Winning in the 'Age of Me'

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Winning in the 'Age of Me'
Winning in the 'Age of Me'

Despite all the data science strides direct marketers have made over recent years, customers  still appear in pretty coarse grain fidelity to most companies.

I, as just one example, “look” exactly the same to my insurance company as my neighbor does. Admittedly we do “look” the same. We're both white middle-aged, middle-class guys who make roughly the same sort of money. We're both married and we both have two kids. But if you knew us you'd know that our profiles were wildly dissimilar.

My neighbor keeps going for a couple more glasses of wine after I've admitted defeat; he sleeps in while I hit the gym. His sweats the small stuff and it isn't—in my humble opinion—going to end well. He, from my perspective, is a much worse insurance risk than I am. And yet, when we compared notes recently, I found out that we're paying roughly the same premium. Fair? Probably not. Understandable? I guess so. That's just the way it is—currently.

This has been the way of the world since time immemorial. A world in which information was scare, hard to come by, and, frequently, wrong. A world in which guessing was standard operating procedure. A world in which customers were segmented into broad crude demos, which aimed to say something about an individual, but frankly didn't actually say very much. A world in which I existed within—as far as my insurer was concerned—the market of middle-aged white guys.

But I'm me, not “him” or “them.” My insurance profile is totally different from my neighbor's. If our insurer “knew” us, it would realize that and make adjustments to our premiums that would make at least one of us very happy.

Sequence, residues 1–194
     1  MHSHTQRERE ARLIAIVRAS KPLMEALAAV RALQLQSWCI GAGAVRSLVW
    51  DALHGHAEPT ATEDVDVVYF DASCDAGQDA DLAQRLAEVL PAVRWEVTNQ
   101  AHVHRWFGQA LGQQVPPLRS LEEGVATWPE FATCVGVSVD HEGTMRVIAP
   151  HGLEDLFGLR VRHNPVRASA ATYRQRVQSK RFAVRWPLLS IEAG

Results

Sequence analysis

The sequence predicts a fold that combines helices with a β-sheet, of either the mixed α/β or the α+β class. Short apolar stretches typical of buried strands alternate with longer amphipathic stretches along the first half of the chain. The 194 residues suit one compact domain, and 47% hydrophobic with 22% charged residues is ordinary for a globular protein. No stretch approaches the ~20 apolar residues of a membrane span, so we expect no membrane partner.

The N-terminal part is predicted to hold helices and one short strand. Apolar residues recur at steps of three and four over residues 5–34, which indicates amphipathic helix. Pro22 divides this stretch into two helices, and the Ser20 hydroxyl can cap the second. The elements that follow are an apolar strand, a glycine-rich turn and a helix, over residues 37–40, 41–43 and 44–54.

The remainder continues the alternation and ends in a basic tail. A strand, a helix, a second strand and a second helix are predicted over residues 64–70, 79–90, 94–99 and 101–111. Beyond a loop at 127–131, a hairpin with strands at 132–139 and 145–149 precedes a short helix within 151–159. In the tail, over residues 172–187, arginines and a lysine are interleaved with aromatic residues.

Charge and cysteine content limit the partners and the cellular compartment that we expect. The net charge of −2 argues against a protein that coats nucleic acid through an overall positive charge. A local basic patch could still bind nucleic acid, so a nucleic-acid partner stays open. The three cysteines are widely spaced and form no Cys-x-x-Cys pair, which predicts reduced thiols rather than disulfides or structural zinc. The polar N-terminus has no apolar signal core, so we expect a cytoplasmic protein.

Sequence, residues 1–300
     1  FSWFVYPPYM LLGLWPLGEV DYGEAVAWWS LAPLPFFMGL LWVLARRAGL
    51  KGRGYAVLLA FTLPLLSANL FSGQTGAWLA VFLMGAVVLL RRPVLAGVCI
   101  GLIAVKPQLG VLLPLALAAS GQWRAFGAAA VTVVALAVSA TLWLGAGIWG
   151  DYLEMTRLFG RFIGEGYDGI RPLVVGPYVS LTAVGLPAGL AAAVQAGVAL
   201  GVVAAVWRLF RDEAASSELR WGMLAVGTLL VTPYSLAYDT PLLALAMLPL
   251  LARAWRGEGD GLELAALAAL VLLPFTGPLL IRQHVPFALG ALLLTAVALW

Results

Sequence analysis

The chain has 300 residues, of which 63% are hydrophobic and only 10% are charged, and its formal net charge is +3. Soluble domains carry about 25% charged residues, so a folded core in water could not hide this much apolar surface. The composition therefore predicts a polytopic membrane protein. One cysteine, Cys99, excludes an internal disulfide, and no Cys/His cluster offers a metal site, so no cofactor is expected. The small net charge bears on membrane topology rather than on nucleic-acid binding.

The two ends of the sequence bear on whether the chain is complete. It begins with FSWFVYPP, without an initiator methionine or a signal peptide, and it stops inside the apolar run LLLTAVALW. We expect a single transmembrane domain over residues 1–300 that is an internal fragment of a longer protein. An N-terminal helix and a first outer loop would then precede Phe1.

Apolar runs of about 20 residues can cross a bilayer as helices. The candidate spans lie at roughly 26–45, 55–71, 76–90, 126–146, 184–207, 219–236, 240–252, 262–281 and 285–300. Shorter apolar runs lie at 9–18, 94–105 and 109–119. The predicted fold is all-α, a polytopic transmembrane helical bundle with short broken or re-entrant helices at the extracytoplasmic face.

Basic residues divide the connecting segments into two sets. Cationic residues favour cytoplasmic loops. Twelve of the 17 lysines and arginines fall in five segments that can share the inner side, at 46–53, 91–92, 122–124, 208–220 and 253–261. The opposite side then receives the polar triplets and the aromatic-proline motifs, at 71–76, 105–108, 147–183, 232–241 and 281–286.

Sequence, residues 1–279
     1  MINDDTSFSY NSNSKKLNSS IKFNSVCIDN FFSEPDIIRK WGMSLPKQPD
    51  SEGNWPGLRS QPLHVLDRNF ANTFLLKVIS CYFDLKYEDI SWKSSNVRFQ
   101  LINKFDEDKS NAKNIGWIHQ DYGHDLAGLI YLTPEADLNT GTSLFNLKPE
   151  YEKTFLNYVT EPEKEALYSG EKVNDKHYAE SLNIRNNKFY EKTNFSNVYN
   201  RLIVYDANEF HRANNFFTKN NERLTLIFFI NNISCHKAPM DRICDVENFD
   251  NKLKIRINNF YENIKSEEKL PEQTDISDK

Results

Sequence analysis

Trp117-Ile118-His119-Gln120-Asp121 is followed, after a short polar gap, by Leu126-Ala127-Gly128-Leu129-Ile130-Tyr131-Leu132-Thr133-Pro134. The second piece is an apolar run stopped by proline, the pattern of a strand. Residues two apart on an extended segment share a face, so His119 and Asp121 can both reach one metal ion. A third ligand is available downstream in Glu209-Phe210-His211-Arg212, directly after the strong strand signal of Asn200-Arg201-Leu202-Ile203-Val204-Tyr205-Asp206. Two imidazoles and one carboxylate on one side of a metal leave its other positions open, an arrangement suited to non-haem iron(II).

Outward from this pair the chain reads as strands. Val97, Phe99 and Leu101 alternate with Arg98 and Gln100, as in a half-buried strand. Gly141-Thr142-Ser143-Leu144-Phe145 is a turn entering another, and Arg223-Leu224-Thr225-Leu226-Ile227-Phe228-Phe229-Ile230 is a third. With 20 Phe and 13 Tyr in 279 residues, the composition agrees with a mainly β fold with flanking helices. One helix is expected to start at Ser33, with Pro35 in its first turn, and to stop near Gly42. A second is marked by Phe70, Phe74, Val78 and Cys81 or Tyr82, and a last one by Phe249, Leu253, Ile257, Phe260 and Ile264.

To know me—impossible, right? Wrong. Increasingly, lots of companies do know me. Amazon, Netflix and Apple know me. Pandora knows me. LinkedIn knows me. How? How can YouTube know that I'd like to hear Wreckless Eric's Whole Wide World after I just played Phoenix's Rome? The two, at first glance, are seemingly unrelated songs.

The answer? Because YouTube can see what I refer to as my “code halo.” It can see the so-called halo of information that swirls all around me (think of a mediaeval religious painting to get the analogy) created by every digital interaction I have.

Each one of us is creating a code halo with every click of our mouse or swipe of our phone, tablet, laptop, Glass, Nest, FuelBand, dashboard, or other smart device. Every transaction we make, every like we record, every preference we note, creates a trail of information—or a digital fingerprint—that reveals  who we are and what makes us tick. Code halos allow switched on companies to “know” us (their customers and prospects), to “read our minds,” to turn the sales process from something that leaves us needing to take a cold shower, to something that is painless and seductive. Moreover, code halos enable businesses to see beyond a particular socioeconomic or demographic to reveal  the “market of me.”